When the hard disk is faulty or for other reasons, it happens that partition is no longer accessible.
Also, if you go to the start menu -> Right click on Computer -> Manage, you will see that Windows displays the data partition as RAW.
Which means "raw data" because it no longer recognizes files of that partition system.
To resolve this issue, download "TestDisk", unzip the downloaded zip file and run the "testdisk_win.exe" file.
TestDisk is a program running in console, but with this tutorial, this program seem more accessible to you.
However, this program should be used with caution.
To begin, select "Create" (option selected by default) and press Enter.
Select the hard disk on which is the RAW partition, then press Enter.
The program will detect the type of partition present on the selected hard drive.
In our case: [Intel] Intel/PC partition.
Select "Analyse" and press Enter.
A partition list appears, select "Quick Search" and press Enter.
TestDisk will analyze your hard disk to search for missing and existing partitions.
After a moment, TestDisk detects a partition.
In our case, the partition starts at 10198 ... and ends at 15664 ...
By deduction, we know that is the 2nd partition (partition our "E: data" in our case).
Indeed, the first partition (which is currently in RAW) is at the beginning of the hard drive and must start at 0.
Press Enter to continue the analyse.
As you can see, the quick search of TestDisk detects only one partition.
The problem is that our hard disk has two partitions : the one in RAW and the one in NTFS (which is already recognized by Windows).
So, we select "Deeper Search" and press Enter to start the thorough analysis.
Further analysis can be time consuming, because TestDisk will scan the entire hard disk.
During the analysis, detected partitions will appear. Wait until the scan finishes.
Then, TestDisk display partitions detected in green on black background.
In this case, TestDisk has detected the 2 partitions and their file systems :
- the 1st in NTFS that starts at 0 and ends at 10198 ... The file system of the partition was therefore RAW NTFS.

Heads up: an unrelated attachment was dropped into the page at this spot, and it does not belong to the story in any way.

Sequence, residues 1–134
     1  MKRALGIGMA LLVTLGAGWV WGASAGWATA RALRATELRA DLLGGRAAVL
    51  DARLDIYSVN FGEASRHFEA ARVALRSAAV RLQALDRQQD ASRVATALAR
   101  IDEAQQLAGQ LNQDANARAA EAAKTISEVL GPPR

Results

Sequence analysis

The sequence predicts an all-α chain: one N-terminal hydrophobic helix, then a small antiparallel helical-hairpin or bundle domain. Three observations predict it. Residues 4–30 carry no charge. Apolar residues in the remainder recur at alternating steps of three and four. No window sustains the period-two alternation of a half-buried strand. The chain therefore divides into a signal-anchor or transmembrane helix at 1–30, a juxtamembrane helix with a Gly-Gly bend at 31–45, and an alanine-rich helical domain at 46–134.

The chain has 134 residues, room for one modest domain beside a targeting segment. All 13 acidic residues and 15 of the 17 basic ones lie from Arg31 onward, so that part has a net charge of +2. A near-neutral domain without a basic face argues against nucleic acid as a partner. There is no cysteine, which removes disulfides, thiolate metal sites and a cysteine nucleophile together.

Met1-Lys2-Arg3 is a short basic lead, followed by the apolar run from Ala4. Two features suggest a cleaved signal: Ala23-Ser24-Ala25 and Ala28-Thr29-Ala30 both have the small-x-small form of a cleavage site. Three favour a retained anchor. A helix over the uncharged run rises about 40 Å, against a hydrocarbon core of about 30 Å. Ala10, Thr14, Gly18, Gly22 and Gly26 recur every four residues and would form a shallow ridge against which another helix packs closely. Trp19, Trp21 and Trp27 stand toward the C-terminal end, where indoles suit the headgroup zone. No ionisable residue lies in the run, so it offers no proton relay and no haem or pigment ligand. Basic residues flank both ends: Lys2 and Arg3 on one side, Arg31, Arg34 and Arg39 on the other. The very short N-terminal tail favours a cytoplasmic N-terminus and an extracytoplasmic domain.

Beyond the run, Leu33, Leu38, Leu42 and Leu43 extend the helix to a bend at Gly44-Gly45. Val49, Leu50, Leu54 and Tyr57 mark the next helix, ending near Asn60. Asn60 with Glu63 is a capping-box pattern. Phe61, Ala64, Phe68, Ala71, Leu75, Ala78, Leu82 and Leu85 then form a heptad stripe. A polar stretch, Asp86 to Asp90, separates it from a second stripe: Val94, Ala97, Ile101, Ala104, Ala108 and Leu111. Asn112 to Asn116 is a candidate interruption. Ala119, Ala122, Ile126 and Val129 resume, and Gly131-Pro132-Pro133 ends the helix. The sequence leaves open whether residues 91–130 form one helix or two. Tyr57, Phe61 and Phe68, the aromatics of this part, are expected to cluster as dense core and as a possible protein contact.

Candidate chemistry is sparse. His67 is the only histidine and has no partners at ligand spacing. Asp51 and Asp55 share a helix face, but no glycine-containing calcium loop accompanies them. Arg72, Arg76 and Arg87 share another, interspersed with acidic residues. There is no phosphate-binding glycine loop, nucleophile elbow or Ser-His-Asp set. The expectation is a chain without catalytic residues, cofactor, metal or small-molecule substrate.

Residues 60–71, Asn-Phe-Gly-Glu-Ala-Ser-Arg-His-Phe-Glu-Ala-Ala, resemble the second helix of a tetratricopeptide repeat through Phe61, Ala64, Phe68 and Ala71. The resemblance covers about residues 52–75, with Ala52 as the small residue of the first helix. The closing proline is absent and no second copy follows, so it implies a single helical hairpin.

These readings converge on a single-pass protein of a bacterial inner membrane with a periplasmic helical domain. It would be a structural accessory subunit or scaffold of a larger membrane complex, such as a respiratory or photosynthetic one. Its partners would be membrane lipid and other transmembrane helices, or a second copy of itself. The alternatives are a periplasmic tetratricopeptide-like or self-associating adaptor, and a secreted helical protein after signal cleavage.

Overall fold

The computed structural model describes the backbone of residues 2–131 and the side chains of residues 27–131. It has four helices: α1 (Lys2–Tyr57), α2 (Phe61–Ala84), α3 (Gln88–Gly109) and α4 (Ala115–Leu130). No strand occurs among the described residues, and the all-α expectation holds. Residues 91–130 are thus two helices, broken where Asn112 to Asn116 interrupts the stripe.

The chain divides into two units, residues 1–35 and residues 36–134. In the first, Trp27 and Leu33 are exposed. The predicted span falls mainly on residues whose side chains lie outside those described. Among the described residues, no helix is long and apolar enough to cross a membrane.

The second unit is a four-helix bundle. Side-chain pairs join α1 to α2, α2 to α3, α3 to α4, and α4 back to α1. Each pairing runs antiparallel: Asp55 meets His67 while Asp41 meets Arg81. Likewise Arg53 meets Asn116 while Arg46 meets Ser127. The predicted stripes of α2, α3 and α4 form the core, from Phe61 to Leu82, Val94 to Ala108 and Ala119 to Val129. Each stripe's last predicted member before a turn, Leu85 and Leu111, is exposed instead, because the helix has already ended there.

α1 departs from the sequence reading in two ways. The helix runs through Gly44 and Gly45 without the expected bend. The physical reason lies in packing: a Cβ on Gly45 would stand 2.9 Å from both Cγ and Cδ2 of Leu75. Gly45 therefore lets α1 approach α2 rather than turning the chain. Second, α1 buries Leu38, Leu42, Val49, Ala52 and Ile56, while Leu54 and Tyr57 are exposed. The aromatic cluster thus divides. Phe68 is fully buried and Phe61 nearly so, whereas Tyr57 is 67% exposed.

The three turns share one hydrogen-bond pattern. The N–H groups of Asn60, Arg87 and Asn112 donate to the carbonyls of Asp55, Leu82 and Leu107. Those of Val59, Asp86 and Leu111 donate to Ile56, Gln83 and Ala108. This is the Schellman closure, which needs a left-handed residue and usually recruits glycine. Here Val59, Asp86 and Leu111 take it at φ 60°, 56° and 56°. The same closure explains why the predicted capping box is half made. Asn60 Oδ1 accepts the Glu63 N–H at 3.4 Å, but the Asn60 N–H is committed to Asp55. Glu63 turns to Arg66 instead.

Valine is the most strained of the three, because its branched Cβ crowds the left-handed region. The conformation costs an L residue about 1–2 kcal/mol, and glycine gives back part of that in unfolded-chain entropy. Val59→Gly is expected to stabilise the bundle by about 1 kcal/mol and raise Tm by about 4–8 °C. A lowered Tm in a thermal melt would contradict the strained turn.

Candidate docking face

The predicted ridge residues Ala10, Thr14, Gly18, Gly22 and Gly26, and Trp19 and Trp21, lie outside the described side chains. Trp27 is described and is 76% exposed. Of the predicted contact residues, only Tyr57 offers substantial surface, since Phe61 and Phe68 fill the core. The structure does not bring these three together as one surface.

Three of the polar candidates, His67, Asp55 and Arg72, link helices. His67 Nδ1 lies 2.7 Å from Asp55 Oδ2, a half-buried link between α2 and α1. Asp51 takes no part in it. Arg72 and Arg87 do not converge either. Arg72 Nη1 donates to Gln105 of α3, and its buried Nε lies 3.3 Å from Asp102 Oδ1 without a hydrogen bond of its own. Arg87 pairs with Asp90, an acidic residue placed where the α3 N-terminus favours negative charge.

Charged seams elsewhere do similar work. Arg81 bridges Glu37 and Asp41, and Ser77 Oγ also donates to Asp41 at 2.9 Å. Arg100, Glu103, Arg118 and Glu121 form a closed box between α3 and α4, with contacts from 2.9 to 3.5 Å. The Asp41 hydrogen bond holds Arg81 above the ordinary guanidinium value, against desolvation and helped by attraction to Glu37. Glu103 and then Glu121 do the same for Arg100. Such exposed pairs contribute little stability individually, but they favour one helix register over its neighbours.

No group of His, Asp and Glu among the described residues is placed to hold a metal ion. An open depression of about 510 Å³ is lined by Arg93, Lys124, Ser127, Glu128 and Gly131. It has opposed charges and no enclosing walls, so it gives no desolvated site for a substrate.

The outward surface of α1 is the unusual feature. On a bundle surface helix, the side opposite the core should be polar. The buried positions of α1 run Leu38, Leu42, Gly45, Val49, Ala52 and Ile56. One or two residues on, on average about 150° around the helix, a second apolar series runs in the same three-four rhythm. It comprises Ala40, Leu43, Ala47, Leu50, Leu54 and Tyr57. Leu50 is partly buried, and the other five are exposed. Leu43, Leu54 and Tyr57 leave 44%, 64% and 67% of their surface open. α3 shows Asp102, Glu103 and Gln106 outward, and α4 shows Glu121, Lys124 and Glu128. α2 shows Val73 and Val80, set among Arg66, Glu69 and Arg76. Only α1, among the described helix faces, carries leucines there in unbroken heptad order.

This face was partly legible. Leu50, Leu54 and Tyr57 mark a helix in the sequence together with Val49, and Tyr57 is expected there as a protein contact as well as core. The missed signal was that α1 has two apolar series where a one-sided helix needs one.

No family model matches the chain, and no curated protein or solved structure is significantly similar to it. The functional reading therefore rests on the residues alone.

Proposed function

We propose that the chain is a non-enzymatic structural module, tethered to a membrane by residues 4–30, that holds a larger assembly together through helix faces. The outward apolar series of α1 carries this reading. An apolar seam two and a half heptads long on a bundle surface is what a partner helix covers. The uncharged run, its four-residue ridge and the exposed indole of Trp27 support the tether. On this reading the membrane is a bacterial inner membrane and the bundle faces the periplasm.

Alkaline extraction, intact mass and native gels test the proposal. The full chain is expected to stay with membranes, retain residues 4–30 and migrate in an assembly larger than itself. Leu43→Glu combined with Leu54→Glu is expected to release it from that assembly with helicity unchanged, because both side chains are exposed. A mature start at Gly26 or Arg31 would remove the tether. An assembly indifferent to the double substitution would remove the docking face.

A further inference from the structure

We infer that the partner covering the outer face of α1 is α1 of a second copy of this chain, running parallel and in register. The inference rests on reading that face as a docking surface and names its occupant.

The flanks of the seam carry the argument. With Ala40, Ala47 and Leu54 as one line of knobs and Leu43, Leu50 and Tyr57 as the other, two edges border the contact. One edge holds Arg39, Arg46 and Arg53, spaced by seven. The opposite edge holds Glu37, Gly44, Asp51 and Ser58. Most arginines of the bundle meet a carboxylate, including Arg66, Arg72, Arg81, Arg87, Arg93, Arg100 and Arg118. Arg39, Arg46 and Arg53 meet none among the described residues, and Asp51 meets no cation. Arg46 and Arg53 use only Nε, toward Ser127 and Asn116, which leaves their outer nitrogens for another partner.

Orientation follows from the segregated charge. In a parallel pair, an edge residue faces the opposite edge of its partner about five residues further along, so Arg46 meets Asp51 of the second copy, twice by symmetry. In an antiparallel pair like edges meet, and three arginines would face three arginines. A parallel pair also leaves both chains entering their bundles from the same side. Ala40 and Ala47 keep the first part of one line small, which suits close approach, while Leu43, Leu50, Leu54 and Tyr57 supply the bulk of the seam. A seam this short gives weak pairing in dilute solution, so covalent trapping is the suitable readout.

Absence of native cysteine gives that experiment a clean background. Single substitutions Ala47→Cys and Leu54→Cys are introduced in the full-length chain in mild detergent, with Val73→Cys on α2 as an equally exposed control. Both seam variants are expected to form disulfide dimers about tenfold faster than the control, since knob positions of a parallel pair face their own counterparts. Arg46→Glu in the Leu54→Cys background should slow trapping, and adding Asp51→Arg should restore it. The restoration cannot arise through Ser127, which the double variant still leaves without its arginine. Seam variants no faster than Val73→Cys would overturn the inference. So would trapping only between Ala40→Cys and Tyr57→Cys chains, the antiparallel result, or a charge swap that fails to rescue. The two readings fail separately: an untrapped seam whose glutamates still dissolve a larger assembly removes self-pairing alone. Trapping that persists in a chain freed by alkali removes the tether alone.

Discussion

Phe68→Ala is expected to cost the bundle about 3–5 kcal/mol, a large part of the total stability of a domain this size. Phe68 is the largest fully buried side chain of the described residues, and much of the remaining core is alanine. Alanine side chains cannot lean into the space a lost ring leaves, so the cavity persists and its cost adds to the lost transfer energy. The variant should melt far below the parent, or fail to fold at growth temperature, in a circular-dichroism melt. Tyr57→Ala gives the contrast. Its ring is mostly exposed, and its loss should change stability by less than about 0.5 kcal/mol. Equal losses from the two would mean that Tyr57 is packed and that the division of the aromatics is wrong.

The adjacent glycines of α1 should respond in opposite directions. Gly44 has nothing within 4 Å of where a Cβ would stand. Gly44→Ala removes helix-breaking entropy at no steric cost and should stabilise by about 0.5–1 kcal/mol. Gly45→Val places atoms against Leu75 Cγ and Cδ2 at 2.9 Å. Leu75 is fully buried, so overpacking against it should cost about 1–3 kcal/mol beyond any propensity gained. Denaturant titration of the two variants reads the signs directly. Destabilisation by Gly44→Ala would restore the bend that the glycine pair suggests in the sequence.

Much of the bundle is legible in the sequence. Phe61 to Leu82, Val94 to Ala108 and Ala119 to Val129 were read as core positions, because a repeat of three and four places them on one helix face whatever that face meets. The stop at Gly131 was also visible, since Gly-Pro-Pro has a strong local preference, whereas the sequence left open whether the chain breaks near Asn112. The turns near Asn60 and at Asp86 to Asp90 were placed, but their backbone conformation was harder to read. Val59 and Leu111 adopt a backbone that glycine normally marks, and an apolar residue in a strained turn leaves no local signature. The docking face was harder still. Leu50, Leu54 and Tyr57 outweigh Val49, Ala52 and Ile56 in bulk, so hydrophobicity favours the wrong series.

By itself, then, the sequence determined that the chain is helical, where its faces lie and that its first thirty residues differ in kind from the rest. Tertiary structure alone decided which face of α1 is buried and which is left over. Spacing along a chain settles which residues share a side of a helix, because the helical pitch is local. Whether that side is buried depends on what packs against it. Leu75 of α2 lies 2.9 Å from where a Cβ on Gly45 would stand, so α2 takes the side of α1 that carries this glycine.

- the 2nd in NTFS that starts at 10198 ... and ends at 15664 ...
To verify that TestDisk detects partitions correctly, we recommend you to press the p key (option: P: list files) to list files for the selected partition.
If the list of partition's files is displayed , is that the information concerning the selected partition are correct.
Make this check also for other list of partitions to be sure that the files list is displayed.
If this is the case, you can rewrite the partition table on the hard disk. Otherwise, quit the program to not lose the other partitions of the hard drive .
Note : press "q" to return to the list of detected partitions.
As you could see 2 images above, the first partition was detected as "Primary bootable" which means "primary partition" with the flag "boot" (or active under Windows).
Notice the * character at the beginning line.
To set this partition as a primary partition without the "boot" flag, use the arrow keys "left" and "right" to show the "P" letter instead of the "*" character.
Then, press Enter.
Finally, select "Write" and press Enter.
Confirm by pressing Y
It is possible that the partition boot sector is no longer good. (Boot sector. Status : Bad)
To repair it, you have 2 options :
- if the status of the line "Backup boot sector" is OK, you can restore this backup boot sector by selecting "Backup BS".
- otherwise, you must use the "Rebuild BS" option.
By using the "Rebuild BS" option, TestDisk will generate itself the boot sector and compare it to the existing one.
As the status of the boot sector is "bad" in our case, they are different.
To repair it, select "Write" and press Enter.
Confirm by pressing Y.
Now, the boot sector is OK.
Select Quit and press Enter.
As requested by TestDisk, you must reboot your computer for the change to take effect by Windows.
Then, quit the program and reboot your computer.
After you have reboot your computer, go back to disk management and you will see that the RAW partition has become in NTFS.
If you check in the workstation (or computer), you will see that Windows recognizes it.
And files in that partition is again accessible.